SXSW Diary Part 2: Jarvis Cocker Lecture

This was a real kick, seeing former Pulp singer Jarvis Cocker give a full-blown lecture on the art of lyric writing along with a PowerPoint presentation and video clips of songs of performers ranging from the Kingsmen to Leonard Cohen. This guy could be a pop-music professor. He was witty and insightful, even when he was making somewhat obvious points, such as when he presented his musical formula: “Music + Lyrics + Performance = Dynamite!”

What was the first song that had a big impact on the young Cocker, making him realize that song lyrics could make you see pictures in your mind? I wouldn’t have guessed this one, but it was Gordon Lightfoot’s “If I Could Read Your Mind.” Cocker played that song and then sat down with an acoustic guitar to play the first song he ever wrote, a silly ditty from 1978:

Got a baby only one thing wrong
She quotes Shakespeare all day long
Said baby why you ignoring me?
She said “To be or not to be”
Shakespeare Rock, Shakespeare Roll
Shakespeare Rock, Shakespeare Roll

Finishing the tune, Cocker asked sarcastically, “Very touching, isn’t it?”

Cocker told about an argument he’d had with Noel Gallagher of Oasis, who insisted that the lyrics to the Beatles’ “I Am the Walrus” are utterly meaningless. Cocker, on the other hand, says the lyrics do have meaning, as well as some subtle internal rhyming schemes. The nonsense is a meaning in itself, he said — “a refusal to play the game, to engage in the charade.”

Should songs rhyme? For the most part, Cocker said yes. But he warned aspiring lyricists against becoming “rhyme-whores.” As an example of what can happen when you try too hard to come up with a rhyme, Cocker performed a hilarious karaoke version of the Des’ree song “Life,” which was voted the worst lyric of all time in a BBC poll. The song’s most egregious rhymes are the following: “I don’t want to see a ghost/It’s the sight I fear the most/I’d rather have a piece of toast.”

Another example of a bad rhyme, according to Cocker, is the ABC song “That Was Then,” which includes this couplet: “Can’t complain, mustn’t grumble, help yourself to another piece of apple crumble.” But then Cocker talked about how he loves a similar sort of reference in Nick Cave’s “Abbatoir Blues”:

Everything’s dissolving, babe, according to plan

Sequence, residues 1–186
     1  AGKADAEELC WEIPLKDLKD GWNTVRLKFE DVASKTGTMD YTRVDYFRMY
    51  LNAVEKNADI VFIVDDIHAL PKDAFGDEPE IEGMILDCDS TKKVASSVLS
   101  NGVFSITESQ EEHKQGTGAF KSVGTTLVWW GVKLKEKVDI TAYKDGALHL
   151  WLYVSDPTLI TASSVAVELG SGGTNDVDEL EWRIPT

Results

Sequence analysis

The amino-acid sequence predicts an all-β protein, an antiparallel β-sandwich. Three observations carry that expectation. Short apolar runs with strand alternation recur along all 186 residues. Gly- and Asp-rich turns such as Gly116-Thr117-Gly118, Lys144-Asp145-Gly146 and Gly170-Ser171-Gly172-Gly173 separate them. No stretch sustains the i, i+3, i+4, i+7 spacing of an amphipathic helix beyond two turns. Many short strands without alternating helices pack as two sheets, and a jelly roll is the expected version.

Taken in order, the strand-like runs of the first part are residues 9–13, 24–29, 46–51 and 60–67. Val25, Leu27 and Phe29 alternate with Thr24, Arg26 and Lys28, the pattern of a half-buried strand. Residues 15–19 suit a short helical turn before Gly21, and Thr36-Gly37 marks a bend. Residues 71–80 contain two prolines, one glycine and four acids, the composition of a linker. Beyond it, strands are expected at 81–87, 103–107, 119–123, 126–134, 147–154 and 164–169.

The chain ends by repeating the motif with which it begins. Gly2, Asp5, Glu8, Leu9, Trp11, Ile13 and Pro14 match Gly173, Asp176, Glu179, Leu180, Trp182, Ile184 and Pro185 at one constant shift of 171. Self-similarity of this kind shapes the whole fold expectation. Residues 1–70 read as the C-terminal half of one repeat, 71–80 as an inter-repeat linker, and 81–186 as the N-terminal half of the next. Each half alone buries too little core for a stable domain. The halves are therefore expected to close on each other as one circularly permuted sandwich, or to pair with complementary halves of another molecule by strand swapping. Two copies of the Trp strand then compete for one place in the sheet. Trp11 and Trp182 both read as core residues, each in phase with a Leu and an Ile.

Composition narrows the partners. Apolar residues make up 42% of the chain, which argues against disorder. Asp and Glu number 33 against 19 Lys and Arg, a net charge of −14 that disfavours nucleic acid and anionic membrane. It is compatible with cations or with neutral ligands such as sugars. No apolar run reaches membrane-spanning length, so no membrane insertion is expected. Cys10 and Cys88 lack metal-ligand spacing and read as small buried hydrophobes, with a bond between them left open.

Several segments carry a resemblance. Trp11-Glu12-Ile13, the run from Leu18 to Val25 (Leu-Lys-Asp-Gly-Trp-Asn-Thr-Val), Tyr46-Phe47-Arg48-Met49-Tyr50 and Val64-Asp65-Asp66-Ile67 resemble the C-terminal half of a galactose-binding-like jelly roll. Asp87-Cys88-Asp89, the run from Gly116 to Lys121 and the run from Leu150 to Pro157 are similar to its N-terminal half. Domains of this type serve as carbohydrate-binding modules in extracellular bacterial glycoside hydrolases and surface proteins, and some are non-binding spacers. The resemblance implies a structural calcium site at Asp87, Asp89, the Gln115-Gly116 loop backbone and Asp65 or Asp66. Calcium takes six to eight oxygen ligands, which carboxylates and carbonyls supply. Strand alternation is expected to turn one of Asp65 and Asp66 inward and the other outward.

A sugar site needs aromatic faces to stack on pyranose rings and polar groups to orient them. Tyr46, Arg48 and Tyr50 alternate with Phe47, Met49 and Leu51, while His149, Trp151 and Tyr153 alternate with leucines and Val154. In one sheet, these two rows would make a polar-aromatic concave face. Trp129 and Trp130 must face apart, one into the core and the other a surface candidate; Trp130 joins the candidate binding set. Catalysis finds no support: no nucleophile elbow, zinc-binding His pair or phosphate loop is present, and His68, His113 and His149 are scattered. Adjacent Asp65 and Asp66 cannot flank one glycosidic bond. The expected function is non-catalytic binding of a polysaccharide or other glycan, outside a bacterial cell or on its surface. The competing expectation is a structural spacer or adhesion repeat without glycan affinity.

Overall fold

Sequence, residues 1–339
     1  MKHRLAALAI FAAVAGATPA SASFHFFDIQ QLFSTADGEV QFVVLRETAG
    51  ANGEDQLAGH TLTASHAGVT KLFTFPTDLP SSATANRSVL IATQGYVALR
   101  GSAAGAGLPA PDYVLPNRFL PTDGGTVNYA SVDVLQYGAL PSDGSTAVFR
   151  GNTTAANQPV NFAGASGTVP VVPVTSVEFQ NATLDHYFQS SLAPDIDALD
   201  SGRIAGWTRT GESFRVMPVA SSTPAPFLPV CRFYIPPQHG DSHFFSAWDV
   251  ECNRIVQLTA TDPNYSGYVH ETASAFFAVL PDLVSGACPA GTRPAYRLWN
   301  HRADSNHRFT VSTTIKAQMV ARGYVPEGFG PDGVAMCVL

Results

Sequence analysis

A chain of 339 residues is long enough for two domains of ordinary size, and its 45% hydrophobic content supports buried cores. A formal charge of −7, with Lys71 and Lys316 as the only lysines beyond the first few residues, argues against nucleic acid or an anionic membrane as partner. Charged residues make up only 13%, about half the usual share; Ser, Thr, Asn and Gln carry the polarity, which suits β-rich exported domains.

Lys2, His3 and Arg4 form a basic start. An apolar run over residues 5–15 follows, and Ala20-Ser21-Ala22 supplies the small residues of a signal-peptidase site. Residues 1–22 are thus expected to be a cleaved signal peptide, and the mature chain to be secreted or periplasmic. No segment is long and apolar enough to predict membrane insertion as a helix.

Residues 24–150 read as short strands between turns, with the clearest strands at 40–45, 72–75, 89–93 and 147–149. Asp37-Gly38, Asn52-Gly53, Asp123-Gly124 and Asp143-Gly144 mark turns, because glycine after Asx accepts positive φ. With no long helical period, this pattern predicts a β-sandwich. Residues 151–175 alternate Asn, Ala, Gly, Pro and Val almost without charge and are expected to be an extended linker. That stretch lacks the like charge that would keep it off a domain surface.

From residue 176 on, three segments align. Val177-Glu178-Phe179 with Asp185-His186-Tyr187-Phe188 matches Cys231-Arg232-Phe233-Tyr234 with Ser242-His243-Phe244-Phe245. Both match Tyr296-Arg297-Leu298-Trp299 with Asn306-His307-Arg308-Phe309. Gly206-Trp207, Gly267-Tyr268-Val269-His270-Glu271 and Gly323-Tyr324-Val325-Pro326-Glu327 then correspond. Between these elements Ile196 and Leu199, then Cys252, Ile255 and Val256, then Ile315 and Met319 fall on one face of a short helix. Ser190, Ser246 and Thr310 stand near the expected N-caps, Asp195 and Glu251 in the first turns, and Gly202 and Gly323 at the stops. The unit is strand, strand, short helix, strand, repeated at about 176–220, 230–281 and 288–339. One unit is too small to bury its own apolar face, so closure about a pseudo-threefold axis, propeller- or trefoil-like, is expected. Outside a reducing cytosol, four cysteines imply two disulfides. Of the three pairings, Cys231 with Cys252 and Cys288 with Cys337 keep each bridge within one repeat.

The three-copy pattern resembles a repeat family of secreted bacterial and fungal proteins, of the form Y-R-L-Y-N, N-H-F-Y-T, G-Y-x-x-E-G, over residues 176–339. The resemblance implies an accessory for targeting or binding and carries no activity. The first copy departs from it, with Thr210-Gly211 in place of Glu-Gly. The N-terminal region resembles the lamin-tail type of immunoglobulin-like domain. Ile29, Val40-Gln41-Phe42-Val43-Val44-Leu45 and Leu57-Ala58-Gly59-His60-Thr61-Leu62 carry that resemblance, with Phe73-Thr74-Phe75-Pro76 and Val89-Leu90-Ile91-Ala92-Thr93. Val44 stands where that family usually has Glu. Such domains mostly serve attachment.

The sky is on fire, the dead are heaped across the land
I went to bed last night and my moral code got jammed
I woke up this morning with a Frappucino in my hand

“What is it,” Cocker asked, “that distinguishes Nick Cave’s Frappucino from [ABC singer] Martin Fry’s apple crumble or Des’ree’s toast?” Cocker pointed out that Cave put the Frapuccino in the middle of a line, instead of sticking it at the end. It’s not part of the rhyming scheme, so it’s clear that Cave deliberately chose to include this iced coffee drink in his lyrics. He wasn’t throwing it in there just because he needed a rhyme. “There is no whiff of desperation in his Frapuccino,” Cocker explained.

Are song lyrics poetry? Despite many similarities between the two forms, Cocker said no. As an example, he played an acoustic version of the Pulp song “Babies,” pointing out an important element of the lyrics that would just look silly on the page — “Yeah, yeah, yeah…”

After playing clips of some songs he loves and admires — Dory Previn’s “The Lady With the Braid,” Scott Walker’s “Plastic Palace People,” Hot Chocolate’s “Emma,” the Velvet Underground’s “Heroin” and the Fall’s “Wings,” among others — Cocker took apart the lyrics to “You’re Beautiful” by James Blunt. “Attacking this song is like shooting fish in a barrel, but I’m going to do it anyway,” he said.

As Cocker pointed out, one of the big flaws in Blunt’s lyrics is the way he describes seeing a woman with another man in the first verse, announcing, “I’ve got a plan.” But then he never says what exactly his plan to win over this woman is. Blunt concludes: “It’s time to face the truth, I will never be with you.” Cocker responds: “Can you believe it? There was no plan. It was a LIE!”

Cocker concluded this entertaining lecture/show/performance with one more acoustic performance, a cover of Leonard Cohen’s song “Tonight Will Be Fine.” And then he noted that the magic of good song lyrics is that “the personal becomes universal.”

The text of Cocker’s lecture and some questions he answered at a previous appearance at the Brighton Festival in England, along with some of the video clips he used, are up at

Photos of Jarvis Cocker’s lecture.